Zeynep soon reached the top of the hill and walked between a set of grand pillars. She turned to take in the view of Athens beneath her. It really was the best place in the city to live. The scene before her was impressive. In the distance she could make out the sea, a swathe of darkness offset against the sky above it, the shades of blue and black variously impressed with light. From up here she had a much broader perspective on the atmosphere that troubled her so. The sky she could see was glowing. Energy passed through it to the extent that it shone, not with sunshine but with something else. It was their lights, the lights of the humans, she was sure it was so, for just looking at the blaze made her feel separated from nature. The humans, she sighed. Why was it necessary for them to do this? The cats could see in the dark. Why had the gods made creatures that could not? It was not so simple as the question of dog, for although the dogs too lacked this ability, they did not desire to live above their means. The humans would go to any length in aiming at self-improvement, and somehow, through this tendency, they had enslaved themselves.

'Well you certainly seem to have offended the right people, so I will help you how I can. Welcome, who are you?'

It was the cat that she had heard miaow.

She turned and saw someone sat towards the other side of the hilltop, her silhouette marked out against the sky by the spotlights positioned above one of the temples. Behind her, a colonnade of statues, each the same, of what appeared to be a woman.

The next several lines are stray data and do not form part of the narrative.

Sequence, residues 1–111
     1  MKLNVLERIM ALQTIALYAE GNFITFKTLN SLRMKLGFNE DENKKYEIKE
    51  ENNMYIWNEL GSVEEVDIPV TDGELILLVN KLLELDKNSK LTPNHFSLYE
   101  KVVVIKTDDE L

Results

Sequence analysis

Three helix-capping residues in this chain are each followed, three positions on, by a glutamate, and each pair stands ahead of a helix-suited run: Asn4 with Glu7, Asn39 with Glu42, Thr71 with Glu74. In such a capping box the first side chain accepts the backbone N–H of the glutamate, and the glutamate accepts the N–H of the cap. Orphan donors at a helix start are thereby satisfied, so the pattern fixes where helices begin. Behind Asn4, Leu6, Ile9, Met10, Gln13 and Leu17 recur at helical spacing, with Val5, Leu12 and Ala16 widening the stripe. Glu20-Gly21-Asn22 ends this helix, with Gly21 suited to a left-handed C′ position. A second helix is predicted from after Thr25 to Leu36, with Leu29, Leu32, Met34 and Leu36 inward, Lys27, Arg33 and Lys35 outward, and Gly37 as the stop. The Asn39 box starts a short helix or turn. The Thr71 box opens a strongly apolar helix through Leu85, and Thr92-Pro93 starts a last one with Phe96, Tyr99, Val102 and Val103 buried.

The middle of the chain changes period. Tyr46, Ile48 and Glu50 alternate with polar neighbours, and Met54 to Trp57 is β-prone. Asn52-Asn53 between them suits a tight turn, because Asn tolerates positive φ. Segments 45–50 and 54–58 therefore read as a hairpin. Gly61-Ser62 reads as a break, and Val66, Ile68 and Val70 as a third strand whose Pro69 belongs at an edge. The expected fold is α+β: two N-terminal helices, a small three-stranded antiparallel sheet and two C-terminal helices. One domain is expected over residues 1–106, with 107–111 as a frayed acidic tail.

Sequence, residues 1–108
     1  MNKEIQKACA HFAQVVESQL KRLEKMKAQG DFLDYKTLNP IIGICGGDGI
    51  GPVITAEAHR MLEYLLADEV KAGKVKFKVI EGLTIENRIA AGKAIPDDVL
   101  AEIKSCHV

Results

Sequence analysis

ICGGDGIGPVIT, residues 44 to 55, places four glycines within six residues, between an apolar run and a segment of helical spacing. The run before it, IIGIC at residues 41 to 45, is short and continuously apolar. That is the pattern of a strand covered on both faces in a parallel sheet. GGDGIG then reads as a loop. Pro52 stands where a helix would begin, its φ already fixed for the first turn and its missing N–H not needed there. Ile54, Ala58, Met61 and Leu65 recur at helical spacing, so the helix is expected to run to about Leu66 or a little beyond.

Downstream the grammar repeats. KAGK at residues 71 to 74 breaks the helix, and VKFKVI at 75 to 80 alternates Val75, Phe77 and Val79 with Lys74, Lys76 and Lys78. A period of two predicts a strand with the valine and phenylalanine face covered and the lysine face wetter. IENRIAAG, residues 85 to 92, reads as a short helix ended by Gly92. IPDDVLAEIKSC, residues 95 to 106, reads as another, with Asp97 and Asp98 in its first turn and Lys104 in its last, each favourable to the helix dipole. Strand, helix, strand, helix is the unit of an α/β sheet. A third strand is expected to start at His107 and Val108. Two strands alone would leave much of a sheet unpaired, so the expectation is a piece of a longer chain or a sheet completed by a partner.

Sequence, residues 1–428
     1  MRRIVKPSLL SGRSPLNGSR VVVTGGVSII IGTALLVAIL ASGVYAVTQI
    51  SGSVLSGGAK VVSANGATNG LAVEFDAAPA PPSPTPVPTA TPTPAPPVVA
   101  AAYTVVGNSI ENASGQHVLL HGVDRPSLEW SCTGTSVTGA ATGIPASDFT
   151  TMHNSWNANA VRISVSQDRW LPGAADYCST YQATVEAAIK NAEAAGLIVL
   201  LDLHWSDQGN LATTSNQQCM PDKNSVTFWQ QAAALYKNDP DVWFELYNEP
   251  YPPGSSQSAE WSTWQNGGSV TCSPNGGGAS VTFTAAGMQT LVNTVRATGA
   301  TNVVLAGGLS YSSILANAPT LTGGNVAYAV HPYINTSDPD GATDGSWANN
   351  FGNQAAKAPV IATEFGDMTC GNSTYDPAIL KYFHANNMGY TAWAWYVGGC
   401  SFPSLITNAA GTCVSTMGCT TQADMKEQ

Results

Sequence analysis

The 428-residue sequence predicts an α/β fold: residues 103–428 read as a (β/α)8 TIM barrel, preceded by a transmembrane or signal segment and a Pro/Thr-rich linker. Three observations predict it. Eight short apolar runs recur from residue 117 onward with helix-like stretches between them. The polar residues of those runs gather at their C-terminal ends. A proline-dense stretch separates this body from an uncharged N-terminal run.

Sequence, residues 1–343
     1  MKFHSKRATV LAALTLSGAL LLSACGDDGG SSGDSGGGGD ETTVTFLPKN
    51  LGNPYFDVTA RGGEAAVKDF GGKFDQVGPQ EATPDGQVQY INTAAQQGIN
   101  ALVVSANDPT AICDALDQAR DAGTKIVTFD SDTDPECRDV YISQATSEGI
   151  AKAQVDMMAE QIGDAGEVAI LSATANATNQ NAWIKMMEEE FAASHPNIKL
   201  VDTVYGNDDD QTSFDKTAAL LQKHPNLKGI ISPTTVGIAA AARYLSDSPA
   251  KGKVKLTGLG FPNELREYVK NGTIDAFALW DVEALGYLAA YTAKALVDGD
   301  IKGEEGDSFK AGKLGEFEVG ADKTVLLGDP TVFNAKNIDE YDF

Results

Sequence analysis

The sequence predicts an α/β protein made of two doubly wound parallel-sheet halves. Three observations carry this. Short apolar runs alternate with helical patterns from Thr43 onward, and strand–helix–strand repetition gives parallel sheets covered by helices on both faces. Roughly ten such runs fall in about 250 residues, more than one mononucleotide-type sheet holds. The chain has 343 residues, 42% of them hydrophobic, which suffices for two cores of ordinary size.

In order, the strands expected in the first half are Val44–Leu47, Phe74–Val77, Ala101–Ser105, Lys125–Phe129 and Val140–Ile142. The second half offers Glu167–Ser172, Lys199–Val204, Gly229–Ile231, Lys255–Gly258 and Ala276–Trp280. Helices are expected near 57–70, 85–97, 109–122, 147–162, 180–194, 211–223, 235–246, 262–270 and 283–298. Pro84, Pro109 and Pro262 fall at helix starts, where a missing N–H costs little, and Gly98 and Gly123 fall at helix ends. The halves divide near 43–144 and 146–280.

'I am Zeynep, elder of the gutter cats of Istanbul. Thank you. What is your name?'

'I am Athene. Come, let us sit together and talk. I am sure at least that your story will be more interesting than that of most cats I see these days.'

Zeynep and Athene then sat on the wall and looked down on the city as they talked. Zeynep told Athene of all that had happened to her, first of the troubles in Istanbul and then of her travels in Greece. She detailed her investigation so far and then explained the efforts of those voices in her mind to dissuade her from continuing. They laughed a little as Zeynep gave her impression of their manner, it was undeniably funny that animals so impoverished of merit should have such great ambition. Her plan then anyway was to investigate the centre of power in the Greek human world. Her only problem was that she didn't know where to find it. If she could find the leader of the Greeks then she would be happy to have a conversation with him about what was going on, although who knew whether he was prepared for such an eventuality.